Some burning noon go dry!


30 - Dawn

Not knowing when the dawn will come
I open every door;
Or has it feathers like a bird,
Or billows like a shore?


31 - A Service of Song

Some keep the Sabbath going to church;
I keep it staying at home,
With a bobolink for a chorister,
And an orchard for a dome.

Some keep the Sabbath in surplice;
I just wear my wings,
And instead of tolling the bell for church,
Our little sexton sings.

God preaches, a noted clergyman,
And the sermon is never long;
So instead of getting to heaven at last,
I'm going all along!


32 - Who Has Not Found the Heaven Below

Who has not found the heaven below
Will fail of it above.
God's residence is next to mine,
His furniture is love.


33 - Proof

That I did always love,
I bring thee proof:
That till I loved
I did not love enough.

That I shall love alway,
I offer thee
That love is life,
And life hath immortality.

This, dost thou doubt, sweet?
Then have I
Nothing to show
But Calvary.


34 - I'm Nobody! Who Are You?

I'm nobody! Who are you?
Are you nobody, too?
Then there 's a pair of us -- don't tell!
They 'd banish us, you know.

How dreary to be somebody!
How public, like a frog
To tell your name the livelong day
To an admiring bog!


35 - Nature is What we See

Nature is what we see,
The Hill, the Afternoon --
Squirrel, Eclipse, the Bumble-bee,
Nay-Nature is Heaven.

Nature is what we hear,
The Bobolink, the Sea --
Thunder, the Cricket --
Nay, -- Nature is Harmony.

Nature is what we know
But have no art to say,
So impotent our wisdom is
To Her simplicity.


36 - Sweet is the Swamp With its Secrets

Sweet is the swamp with its secrets,
Until we meet a snake;
'T is then we sigh for houses,
And our departure take

At that enthralling gallop
That only childhood knows.
A snake is summer's treason,
And guile is where it goes.


37 - The Duties of the Wind are Few

The duties of the Wind are few-
To cast the Ships at sea,
Establish March,
The Floods escort,
And usher Liberty.


38 - The Robin is the One

The robin is the one
That interrupts the morn
With hurried, few, express reports
When March is scarcely on.

The robin is the one
That overflows the noon
With her cherubic quantity,
An April but begun.

The robin is the one
That speechless from her nest
Submits that home and certainty
And sanctity are best.


39 - How Still the Bells in Steeples Stand

How still the bells in steeples stand,
Till, swollen with the sky,
They leap upon their silver feet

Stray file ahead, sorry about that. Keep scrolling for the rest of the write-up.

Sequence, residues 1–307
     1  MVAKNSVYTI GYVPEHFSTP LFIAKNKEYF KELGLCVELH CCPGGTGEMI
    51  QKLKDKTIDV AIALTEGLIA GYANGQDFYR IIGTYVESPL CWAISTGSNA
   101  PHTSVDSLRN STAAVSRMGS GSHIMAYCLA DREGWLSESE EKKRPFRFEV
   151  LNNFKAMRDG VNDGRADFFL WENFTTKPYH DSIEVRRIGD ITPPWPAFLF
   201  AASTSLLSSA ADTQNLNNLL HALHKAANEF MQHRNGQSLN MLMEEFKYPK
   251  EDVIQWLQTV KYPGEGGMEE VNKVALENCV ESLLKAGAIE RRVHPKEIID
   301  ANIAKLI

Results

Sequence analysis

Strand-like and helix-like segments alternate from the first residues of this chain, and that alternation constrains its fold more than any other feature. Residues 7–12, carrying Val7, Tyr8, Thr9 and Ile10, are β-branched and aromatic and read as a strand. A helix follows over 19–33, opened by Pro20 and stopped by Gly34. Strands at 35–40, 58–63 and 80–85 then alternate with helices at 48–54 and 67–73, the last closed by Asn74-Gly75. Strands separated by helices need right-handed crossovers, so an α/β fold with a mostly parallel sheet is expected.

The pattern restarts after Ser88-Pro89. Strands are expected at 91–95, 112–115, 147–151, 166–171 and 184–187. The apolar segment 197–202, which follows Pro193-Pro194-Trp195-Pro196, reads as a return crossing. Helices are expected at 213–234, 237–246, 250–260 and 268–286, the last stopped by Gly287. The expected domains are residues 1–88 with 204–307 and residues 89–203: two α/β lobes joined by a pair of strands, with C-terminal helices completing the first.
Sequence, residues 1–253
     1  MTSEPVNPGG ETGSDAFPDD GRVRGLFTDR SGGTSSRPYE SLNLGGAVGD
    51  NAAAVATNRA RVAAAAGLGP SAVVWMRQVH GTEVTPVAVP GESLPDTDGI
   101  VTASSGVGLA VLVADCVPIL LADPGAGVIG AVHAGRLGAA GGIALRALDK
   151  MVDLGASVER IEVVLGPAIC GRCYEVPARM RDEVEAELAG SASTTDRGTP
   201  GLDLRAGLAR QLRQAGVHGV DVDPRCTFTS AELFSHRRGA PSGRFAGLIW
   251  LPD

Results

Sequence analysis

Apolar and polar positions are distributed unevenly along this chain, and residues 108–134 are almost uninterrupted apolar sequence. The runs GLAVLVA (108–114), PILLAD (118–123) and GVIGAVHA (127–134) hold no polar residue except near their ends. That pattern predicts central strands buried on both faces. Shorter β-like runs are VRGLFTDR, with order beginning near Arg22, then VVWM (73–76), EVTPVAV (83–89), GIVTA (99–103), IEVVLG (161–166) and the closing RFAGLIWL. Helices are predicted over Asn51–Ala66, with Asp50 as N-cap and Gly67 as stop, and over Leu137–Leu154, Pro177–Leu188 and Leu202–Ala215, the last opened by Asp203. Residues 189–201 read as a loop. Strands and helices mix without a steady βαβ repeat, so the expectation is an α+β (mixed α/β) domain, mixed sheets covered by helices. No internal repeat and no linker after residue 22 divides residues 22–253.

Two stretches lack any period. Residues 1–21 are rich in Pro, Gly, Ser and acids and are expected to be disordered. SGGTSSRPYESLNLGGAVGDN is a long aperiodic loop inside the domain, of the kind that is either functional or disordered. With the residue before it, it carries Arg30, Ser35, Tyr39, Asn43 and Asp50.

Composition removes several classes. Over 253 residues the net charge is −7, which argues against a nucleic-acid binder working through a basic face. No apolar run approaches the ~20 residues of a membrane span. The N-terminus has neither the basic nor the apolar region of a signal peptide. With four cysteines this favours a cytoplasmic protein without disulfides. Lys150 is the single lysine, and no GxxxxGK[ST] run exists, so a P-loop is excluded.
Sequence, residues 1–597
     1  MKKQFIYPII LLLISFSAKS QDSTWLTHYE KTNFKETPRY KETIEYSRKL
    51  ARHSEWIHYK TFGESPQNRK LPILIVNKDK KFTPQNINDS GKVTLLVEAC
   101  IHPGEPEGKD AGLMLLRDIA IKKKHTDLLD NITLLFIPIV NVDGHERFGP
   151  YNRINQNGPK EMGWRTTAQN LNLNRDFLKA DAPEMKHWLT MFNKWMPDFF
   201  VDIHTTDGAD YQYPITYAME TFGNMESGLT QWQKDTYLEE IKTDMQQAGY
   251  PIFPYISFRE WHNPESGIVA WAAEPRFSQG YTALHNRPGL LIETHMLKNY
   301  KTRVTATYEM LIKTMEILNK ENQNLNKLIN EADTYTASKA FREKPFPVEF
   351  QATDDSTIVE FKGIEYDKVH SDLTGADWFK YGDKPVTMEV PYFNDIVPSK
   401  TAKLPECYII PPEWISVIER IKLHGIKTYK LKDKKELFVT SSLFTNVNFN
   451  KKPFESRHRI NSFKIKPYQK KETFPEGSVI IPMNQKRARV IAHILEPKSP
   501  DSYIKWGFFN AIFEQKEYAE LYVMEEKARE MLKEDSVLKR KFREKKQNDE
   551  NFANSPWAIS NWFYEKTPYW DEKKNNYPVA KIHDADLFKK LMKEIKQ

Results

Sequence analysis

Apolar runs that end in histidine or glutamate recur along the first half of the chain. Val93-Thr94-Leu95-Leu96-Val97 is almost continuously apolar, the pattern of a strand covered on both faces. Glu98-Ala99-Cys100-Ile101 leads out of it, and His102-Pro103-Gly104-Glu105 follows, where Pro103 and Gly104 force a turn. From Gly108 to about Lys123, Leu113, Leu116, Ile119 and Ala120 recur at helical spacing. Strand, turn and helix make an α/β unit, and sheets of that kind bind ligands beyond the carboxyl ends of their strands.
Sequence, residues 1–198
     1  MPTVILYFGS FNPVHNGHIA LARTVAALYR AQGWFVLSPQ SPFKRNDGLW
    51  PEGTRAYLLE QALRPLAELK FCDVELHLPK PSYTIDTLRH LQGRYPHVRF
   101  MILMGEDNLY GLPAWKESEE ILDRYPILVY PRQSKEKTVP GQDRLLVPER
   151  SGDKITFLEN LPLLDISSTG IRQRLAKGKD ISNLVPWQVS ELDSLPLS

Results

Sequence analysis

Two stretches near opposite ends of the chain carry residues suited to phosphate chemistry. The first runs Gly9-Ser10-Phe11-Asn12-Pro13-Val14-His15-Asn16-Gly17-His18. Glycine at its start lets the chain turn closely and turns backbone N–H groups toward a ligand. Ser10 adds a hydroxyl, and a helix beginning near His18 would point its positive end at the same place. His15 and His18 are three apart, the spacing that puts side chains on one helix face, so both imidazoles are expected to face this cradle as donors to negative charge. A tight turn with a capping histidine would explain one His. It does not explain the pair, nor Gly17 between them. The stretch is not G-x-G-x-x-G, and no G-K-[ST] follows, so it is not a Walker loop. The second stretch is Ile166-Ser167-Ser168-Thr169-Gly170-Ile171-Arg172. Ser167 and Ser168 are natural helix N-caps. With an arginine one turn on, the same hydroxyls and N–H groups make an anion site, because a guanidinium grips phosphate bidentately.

In frantic melody!


40 - A Slash of Blue

A slash of Blue --
A sweep of Gray --
Some scarlet patches on the way,
Compose an Evening Sky --
A little purple -- slipped between --
Some Ruby Trousers hurried on --
A Wave of Gold --
A Bank of Day --
This just makes out the Morning Sky.


41 - The Saddest Noise, the Sweetest Noise

The saddest noise, the sweetest noise,
The maddest noise that grows, --
The birds, they make it in the spring,
At night's delicious close.

Between the March and April line --
That magical frontier
Beyond which summer hesitates,
Almost too heavenly near.

It makes us think of all the dead
That sauntered with us here,
By separation's sorcery
Made cruelly more dear.
It makes us think of what we had,
And what we now deplore.
We almost wish those siren throats
Would go and sing no more.

An ear can break a human heart
As quickly as a spear,
We wish the ear had not a heart
So dangerously near.


42 - This Is My Letter To the World

This is my letter to the world,
That never wrote to me,
The simple news that nature told,
With tender magesty.

Her message is committed
To hands I cannot see;
For love of her, sweet countrymen,
Judge tenderly of me!


43 - Morning

Will there really be a morning?
Is there such a thing as day?
Could I see it from the mountains
If I were as tall as they?
Has it feet like water lilies?
Has it feathers likea bird?
Is it brought from famous countries
Of which I've never heard?
Oh, some scholar! Oh, some sailor!
Oh, some wise man from the skies!
Please to tell a little pilgrim
Where the place called morning lies!


44 - The Hummingbird

A route of evanescence
With a revolving wheel;
A resonance of emerald,
A rush of cochineal;
And every blossom on the bush
Adjusts its tumbled head --
The mail from Tunis, probably,
An easy morning's ride.


45 - The Snake

A narrow fellow in the grass
Occasionally rides;
You may have met him, -- did you not,
His notice sudden is.

The grass divides as with a comb,
A spotted shaft is seen;
And then it closes at your feet
And opens further on.

He likes a boggy acre
A floor too cool for corn
Yet when a child, and barefoot,
I more than once, at morn,

Have passed, I thought, a whip-lash
Unbraiding in the sun, --
When, stooping to secure it,
It wrinkled, and was gone.

Several of nature's people
I know, and they know me;
I feel for them a transport
Of cordiality;

But never met this fellow,
Attended or alone,
Without a tighter breathing,
And zero at the bone.


46 - Indian Summer

These are the days when birds come back,
A ver few, a bird or two,
To take a backward look.

These are the days when skies put on
The old,old sophistries of June, --
A blue and gold mistake.

Oh, fraud that cannot cheat the bee,
Almost thy plausibility
Induces my belief,

Till ranks of seeds their witness bear,
And softly through the altered air
Hurries a timid leaf!

Oh, sacrament of summer days,
Oh last communion in the haze,
Permit a child to join,

Thy sacred emblems to partake,
Thy consecrated bread to break,
Taste thine immortal wine!